With the exception of the 4th (Royal Irish) Dragoon Guards, which was stationed in India between 1894 and 1906, all the Irish regiments of the Regular Army served in South Africa during the Boer War (1899-1902). In appreciation of the services rendered by Irish regiments in the defence of Ladysmith, Queen Victoria authorized the wearing of the shamrock by all Irish regiments on 17 March 1900 and on St Patrick’s Day in all succeeding years.

Even after the great separation in 1922 and the disbanding of six regular Irish regiments in the British Army, today, the force still has numerous units with a Celtic identity including the Royal Irish Regiment (R IRISH) amalgamating the 27th Inniskilling, 83rd, 87th, and The Ulster Defence Regiment; the newly reformed The Scottish and North Irish Yeomanry (SNIY), “A” (Liverpool Irish) Troop within 208 (3rd West Lancashire) Battery, 103 Regiment; and, of course, the “Micks” of the Irish Guards.

Besides heavy frontline service in both World Wars, the Irish Guards have been best known for…well, guarding (Photos: MOD Crown Copyright)

And with that, how about a great cover of As I Roved Out, an Irish take on the classic tale of the Trooper and the Maid.

Omar’s Pistols Headed Home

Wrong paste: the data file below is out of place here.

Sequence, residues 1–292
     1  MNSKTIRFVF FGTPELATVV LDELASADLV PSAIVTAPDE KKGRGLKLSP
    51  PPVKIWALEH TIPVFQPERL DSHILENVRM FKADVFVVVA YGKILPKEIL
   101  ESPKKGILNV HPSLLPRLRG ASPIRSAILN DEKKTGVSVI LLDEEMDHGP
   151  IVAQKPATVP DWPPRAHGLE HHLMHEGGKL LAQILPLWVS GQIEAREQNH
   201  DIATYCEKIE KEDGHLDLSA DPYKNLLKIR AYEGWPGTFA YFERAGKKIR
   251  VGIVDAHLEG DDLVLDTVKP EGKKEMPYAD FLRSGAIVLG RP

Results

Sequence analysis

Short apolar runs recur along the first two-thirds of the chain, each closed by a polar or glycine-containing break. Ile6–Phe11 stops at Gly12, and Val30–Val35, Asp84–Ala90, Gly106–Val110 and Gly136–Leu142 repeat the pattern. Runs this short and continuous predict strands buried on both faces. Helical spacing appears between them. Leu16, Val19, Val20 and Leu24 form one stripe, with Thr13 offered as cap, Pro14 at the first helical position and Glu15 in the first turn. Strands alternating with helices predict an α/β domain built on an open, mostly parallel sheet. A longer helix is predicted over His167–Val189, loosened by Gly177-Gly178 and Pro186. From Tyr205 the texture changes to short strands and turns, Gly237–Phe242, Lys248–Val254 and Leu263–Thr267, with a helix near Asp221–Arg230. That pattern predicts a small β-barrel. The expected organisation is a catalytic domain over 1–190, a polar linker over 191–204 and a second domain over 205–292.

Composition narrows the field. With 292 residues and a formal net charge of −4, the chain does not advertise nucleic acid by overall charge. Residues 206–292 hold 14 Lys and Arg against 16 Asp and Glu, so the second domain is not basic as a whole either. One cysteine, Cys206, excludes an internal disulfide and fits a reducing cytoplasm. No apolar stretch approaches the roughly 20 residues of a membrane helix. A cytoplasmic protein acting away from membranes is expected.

Cue the “That Belongs in a Museum” memes, authorities have managed to recover and return dozens of rare collectible guns– some priceless– to the institutions from where they were stolen.

The pieces all went mission in the 1970s, back when security was lax in most public museums, and all that was needed was a big screwdriver and a flashlight to pull off a low-risk burglary.

In all, some 50 items, some dating to the French and Indian War, were returned to 17 institutions located in five states. 

Among the more interesting items recovered were: 

  • An 1847 Mississippi rifle stolen from Beauvoir in Biloxi, Mississippi.
  • World War II battlefield pickup pistols– a Luger and a Walther PPK– once owned by General Omar Bradley, stolen from the U.S. Army War College in 1979.
  • Assorted 19th-century flintlock rifles stolen from Pennsylvania museums.
  • An early Colt Whitneyville Walker revolver, valued at $1 million, stolen from the Connecticut State Library.
  • 18th-century English and Scottish pistols stolen from the Valley Forge Historical Society Museum.
  • A Volcanic pistol stolen from Pennsylvania’s Hershey Story Museum.
  • A rifle from the Daniel Boone Homestead in Birdsboro, Pennsylvania.

A huge Colt Whitneyville Walker revolver (bottom row with CT tag) was taken back to its home state. A powder horn (center right) dating to the French and Indian War was stolen from a Belchertown, Massachusetts, museum in the 1970s. The Walker PPK and Luger in the top right corner had been donated by Gen. Omar Bradley to the Army War College in Carlise, Pennsylvania. An exceedingly rare Volcanic pistol stolen from the Hershey Museum is to the bottom right. (Photo: FBI)

More in my column at

Is that a Messerschmitt in your backyard?

So while doing construction at a residence on the island of Malta, contractors started hitting metal while digging around.

And this is what they found.

As detailed by the Malta Aviation Museum: